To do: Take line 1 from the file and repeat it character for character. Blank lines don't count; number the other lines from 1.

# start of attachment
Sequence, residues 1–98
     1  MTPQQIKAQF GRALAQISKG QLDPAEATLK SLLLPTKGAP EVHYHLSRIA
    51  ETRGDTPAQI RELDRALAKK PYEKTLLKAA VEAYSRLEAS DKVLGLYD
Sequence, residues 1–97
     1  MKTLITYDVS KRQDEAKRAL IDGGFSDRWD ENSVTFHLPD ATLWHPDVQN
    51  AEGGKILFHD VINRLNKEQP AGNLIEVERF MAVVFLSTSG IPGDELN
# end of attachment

Sequence, residues 1–98